But, unfortunately, the project could not take off despite generous financial and technical help from the European Union and other countries. The organisation remained ineffective for three years because of the lack of a legal framework within which it was to operate.
A major reason for the delay in moving the legislation was the constant wrangling over the control of the organisation. Rehman Malik was adamant that it should be placed under the interior ministry.
But such an arrangement was not acceptable to many stakeholders, particularly the ISI, IB and the Punjab government. Even the top officials at Nacta believed that placing the authority under the interior ministry would undermine its autonomy and professional objectivity.
It made no sense putting the authority under the interior ministry while its stakeholders came under the prime minister. It is clear that neither the ISI nor IB were willing to cooperate with the authority working under the control of the interior ministry. The distrust between the military and civilian government has also been a factor in the ISI’s lack of interest.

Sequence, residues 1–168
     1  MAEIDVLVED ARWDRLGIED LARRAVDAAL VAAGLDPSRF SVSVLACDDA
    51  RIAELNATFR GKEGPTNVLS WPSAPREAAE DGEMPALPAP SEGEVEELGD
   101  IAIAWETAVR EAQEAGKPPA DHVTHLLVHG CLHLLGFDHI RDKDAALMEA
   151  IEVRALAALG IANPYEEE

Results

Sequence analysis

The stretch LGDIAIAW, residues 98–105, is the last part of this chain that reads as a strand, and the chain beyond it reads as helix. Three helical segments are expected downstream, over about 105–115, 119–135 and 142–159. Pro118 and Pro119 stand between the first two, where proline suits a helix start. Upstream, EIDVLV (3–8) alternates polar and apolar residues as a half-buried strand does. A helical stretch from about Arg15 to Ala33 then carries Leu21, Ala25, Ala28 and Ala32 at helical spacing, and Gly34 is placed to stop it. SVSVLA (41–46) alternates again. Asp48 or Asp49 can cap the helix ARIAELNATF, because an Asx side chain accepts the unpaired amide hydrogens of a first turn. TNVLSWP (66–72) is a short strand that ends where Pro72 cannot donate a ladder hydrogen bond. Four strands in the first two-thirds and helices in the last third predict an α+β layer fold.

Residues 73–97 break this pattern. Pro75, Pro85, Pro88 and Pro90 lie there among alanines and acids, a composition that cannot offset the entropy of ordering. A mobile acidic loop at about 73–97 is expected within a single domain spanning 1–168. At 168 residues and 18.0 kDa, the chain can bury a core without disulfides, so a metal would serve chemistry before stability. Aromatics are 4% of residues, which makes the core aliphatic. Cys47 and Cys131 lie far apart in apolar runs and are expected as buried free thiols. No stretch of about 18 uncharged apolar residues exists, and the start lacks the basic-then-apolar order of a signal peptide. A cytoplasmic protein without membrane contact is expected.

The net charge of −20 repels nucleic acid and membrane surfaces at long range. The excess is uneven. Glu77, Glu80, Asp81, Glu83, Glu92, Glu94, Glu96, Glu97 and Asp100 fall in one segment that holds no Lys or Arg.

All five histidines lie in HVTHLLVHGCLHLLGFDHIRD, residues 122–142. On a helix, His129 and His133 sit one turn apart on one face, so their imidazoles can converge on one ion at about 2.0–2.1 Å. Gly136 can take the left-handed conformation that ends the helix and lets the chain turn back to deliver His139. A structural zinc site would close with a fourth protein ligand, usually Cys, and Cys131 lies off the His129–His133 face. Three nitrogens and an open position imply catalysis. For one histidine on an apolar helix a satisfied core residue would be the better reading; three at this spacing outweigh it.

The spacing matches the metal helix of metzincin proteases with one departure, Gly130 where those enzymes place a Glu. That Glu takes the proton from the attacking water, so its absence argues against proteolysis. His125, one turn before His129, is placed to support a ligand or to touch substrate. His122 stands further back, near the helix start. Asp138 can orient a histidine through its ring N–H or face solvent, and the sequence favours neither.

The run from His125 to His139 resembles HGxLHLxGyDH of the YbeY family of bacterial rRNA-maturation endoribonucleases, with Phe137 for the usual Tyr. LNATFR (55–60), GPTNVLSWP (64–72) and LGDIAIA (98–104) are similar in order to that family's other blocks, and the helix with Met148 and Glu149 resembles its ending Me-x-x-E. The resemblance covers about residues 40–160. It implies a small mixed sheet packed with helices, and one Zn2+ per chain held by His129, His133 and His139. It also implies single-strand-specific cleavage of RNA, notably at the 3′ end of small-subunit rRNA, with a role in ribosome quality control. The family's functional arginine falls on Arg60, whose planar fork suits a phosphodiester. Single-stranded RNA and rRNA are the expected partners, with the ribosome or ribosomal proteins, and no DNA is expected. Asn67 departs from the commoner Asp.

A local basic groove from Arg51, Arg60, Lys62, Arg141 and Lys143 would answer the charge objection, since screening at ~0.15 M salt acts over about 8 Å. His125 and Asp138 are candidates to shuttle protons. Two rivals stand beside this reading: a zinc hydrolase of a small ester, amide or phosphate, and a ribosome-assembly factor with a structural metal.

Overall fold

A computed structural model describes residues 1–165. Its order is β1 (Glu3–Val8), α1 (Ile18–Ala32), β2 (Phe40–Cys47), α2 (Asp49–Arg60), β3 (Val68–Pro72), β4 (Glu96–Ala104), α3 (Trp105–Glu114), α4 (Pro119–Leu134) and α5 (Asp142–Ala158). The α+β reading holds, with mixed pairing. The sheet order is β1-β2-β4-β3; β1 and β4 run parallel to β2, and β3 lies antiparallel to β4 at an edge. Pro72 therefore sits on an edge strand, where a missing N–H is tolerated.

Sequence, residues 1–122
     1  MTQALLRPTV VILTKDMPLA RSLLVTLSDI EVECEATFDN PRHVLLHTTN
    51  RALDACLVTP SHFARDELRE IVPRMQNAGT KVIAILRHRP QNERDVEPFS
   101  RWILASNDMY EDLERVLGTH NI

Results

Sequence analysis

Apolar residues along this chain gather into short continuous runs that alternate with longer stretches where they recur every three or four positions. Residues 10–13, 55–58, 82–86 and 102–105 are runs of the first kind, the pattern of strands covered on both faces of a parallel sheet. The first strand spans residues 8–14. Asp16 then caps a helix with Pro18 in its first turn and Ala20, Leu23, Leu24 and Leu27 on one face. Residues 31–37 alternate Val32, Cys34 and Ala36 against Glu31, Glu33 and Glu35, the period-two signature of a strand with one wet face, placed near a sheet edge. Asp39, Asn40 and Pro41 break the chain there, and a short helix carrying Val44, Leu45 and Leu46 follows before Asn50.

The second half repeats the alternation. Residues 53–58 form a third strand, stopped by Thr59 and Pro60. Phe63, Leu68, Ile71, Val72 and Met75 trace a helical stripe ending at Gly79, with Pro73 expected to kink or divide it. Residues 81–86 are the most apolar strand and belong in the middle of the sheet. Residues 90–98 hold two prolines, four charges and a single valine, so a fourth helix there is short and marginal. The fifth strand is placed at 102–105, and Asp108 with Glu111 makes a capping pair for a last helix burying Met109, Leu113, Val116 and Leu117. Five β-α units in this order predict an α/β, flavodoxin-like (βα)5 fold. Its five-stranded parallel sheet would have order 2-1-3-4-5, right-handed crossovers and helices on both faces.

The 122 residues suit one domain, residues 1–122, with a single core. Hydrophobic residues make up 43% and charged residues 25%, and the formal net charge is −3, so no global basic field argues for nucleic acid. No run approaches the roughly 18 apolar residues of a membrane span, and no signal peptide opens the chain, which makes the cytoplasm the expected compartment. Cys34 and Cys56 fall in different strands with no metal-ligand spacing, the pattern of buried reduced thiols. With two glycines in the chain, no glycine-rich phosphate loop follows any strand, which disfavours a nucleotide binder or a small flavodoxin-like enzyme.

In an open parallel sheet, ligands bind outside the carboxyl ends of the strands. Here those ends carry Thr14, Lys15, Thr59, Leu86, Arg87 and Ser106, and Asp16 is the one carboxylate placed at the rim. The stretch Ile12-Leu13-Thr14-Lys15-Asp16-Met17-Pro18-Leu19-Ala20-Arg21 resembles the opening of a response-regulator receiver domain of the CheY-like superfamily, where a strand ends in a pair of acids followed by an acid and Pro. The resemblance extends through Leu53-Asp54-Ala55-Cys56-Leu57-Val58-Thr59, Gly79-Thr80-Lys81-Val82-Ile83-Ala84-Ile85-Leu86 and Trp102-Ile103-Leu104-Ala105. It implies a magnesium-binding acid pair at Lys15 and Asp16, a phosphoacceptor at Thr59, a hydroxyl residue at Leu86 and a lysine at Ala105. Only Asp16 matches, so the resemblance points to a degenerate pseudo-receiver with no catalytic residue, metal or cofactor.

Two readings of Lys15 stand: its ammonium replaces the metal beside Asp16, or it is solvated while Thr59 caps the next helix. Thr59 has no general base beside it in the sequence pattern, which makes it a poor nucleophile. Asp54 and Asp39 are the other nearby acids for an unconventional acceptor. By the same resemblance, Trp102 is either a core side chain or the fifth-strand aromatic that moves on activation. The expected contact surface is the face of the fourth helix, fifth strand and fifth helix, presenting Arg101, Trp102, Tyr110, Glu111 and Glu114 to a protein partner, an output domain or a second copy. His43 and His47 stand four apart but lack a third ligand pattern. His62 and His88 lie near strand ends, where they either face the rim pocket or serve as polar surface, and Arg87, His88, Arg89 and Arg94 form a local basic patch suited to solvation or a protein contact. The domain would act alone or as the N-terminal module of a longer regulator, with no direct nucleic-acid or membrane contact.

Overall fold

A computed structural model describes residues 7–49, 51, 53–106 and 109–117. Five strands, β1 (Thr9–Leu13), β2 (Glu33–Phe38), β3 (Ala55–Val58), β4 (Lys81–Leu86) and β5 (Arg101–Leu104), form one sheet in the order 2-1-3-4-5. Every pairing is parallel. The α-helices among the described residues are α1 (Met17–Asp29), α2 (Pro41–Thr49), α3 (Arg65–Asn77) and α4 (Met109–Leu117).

The unresolved issue of control resulted in complete paralysis of the organisation. In the past three years since its inception in 2009, Nacta has had six coordinators.
Most of them either resigned or were sent packing by the government because of their differences with the interior minister.
The induction of officials on a political basis rather than on merit has also raised some serious concerns about the professionalism and effectiveness of the authority.
Nacta has little to show for its performance despite spending more than Rs500 million over the last three years.
There is still time for the government to review the bill before it is sent to parliament for a vote. The need for an autonomous counterterrorism authority has never been greater than it is today when terrorism and radicalisation present the biggest threat to the country’s existence. The government should act before it is too late.
The writer is an author and journalist.